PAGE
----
In coming to his decision, Perell explained that when, on Oct. 31, 2011, Roberts’ employment agreement ended, his contractual entitlements crystalized. Having found that there was no novation, Perell concluded that, after Oct. 31, 2011, the common law governed the parties’ post-expiry relationship, but it did not discharge ZoomerMedia of its obligations, which it assumed under the fixed-term agreement.

On appeal, ZoomerMedia argued Perell erred by not giving effect to its argument that the clause — contained within the broad termination provision — that provides entitlements in the event of early termination without cause is void because it contravenes s. 61(1) of the ESA by expressly excluding entitlement to short-term and long-term disability during the statutory notice period.

Effectively, ZoomerMedia argued that because it did not agree to provide Roberts with all of his statutory entitlements, the termination provision must be invalid in its entirety and Roberts must forfeit his entitlement to the contractual two-year severance payment, valued at $490,000.

The ONCA rejected ZoomerMedia’s argument because, in its view, it would be a perverse application of the ESA, which is designed to protect the interests of employees.

Next, ZoomerMedia argued that Perell erred in not finding that Roberts waived his entitlement to a sabbatical because, over the course of the pre-existing negotiations to extend Roberts’ employment agreement, the parties purportedly reached an agreement that he would forgo his entitlement to the sabbatical.

The ONCA rejected this argument, stating that Roberts may have been willing, in the course of negotiations, toward a new employment contract to forgo his sabbatical, but ZoomerMedia cannot convert a provisional bargaining position into a valid waiver. On this issue, Perell opined that Roberts was a testimonial to the virtue of the parol evidence.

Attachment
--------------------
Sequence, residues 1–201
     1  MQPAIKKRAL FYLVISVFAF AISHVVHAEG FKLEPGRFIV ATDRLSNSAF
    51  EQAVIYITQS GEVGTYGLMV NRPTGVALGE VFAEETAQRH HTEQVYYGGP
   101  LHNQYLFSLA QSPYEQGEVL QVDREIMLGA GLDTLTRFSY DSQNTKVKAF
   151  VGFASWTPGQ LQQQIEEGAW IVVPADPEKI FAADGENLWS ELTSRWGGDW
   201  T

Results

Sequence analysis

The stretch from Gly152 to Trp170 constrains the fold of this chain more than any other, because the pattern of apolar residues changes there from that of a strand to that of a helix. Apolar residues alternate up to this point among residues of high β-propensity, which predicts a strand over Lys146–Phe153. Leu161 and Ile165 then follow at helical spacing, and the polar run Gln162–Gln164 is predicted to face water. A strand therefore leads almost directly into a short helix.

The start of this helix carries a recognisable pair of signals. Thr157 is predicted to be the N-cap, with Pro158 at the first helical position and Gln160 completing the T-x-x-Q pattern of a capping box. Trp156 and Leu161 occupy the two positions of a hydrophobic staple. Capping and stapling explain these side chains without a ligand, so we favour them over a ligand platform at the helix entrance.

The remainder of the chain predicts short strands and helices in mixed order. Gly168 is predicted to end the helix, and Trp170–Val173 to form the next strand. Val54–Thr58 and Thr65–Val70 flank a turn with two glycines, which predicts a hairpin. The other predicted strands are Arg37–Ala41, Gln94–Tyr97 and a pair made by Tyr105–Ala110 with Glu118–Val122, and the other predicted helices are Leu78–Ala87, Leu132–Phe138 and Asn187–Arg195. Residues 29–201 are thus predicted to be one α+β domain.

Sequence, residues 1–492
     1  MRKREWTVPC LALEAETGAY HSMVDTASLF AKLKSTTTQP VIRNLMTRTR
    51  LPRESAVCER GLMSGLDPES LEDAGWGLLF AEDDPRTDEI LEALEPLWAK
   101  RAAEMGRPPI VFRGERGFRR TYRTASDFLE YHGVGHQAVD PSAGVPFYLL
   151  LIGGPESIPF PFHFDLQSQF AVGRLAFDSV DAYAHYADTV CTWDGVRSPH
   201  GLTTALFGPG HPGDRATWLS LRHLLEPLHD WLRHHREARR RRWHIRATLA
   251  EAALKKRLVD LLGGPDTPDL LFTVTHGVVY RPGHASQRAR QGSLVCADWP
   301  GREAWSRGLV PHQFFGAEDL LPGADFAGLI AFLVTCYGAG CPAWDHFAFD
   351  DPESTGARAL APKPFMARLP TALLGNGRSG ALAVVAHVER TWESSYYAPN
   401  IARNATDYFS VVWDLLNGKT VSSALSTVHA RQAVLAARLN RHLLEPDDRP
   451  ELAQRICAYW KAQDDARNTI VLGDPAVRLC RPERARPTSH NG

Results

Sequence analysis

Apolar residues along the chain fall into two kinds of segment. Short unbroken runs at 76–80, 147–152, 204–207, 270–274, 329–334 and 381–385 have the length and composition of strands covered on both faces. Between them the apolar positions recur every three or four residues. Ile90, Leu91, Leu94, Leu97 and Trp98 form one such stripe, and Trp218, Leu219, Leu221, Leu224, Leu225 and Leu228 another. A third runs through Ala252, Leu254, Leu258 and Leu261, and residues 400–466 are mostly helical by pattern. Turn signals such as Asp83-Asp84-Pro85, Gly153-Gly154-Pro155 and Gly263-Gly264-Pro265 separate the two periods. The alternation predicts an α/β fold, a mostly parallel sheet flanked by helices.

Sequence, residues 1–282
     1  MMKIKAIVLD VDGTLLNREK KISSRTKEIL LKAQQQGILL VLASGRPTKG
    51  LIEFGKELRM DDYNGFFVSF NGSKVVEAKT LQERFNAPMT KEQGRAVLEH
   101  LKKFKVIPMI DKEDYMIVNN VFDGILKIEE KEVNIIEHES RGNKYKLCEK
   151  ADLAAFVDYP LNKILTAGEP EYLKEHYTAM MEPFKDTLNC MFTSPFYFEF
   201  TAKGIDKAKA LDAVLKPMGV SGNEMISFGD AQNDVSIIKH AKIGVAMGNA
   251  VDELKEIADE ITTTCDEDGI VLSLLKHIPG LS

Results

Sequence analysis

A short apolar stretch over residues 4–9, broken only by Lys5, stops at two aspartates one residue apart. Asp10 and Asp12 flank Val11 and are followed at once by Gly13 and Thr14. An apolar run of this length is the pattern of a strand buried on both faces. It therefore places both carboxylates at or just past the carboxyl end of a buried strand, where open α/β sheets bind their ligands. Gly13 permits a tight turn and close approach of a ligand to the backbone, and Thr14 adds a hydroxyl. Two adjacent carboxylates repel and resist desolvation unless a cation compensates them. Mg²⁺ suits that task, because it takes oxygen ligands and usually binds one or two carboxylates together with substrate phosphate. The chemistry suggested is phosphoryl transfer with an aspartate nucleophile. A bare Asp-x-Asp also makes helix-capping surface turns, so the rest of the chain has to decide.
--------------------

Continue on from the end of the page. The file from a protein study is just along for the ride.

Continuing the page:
The pivotal point in this case centres on the effect of the fixed-term agreement on the calculation of Roberts’ entitlements. Despite the fact that the term underlying the fixed agreement expired and the parties continued with their employment relationship beyond the expiry date, they were still bound by that agreement. However, because the parties did not agree to a new term or any new provisions, the key provisions, such as the position and compensation, remained the same. Because there has been no consensus between the parties as to what the term may be going forward, it became a term of indefinite hire, subject to dismissal on reasonable notice.

Fixed-term contracts of employment are legal, and where their terms are clear, they will be enforced. The courts require unequivocal and explicit language to establish such a contract, and they will interpret any ambiguity, as Roberts illustrates, strictly against employers’ interests. Where the parties to an employment agreement fix the entitlements upon termination, those entitlements are treated as a contractual entitlement for which mitigation is not required.